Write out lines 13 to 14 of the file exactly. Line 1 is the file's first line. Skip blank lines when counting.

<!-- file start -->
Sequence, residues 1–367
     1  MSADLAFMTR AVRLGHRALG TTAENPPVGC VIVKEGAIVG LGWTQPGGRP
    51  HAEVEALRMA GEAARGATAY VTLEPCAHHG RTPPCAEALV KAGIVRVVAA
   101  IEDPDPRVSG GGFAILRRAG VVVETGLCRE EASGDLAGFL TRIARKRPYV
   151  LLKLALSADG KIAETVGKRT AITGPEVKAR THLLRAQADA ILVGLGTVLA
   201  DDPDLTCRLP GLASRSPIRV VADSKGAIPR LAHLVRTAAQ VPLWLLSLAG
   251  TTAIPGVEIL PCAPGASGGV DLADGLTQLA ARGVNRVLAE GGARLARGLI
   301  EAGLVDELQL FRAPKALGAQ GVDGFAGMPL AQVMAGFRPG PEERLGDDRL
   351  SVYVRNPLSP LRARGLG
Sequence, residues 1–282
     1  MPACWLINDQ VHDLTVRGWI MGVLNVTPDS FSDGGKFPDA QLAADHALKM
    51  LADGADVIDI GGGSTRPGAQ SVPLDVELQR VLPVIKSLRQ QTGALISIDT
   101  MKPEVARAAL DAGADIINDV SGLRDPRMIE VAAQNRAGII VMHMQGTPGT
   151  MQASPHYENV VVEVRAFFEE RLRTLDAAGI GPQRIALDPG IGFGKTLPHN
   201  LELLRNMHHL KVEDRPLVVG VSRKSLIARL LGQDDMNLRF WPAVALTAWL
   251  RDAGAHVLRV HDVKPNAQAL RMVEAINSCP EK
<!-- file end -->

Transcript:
   101  MKPEVARAAL DAGADIINDV SGLRDPRMIE VAAQNRAGII VMHMQGTPGT
   151  MQASPHYENV VVEVRAFFEE RLRTLDAAGI GPQRIALDPG IGFGKTLPHN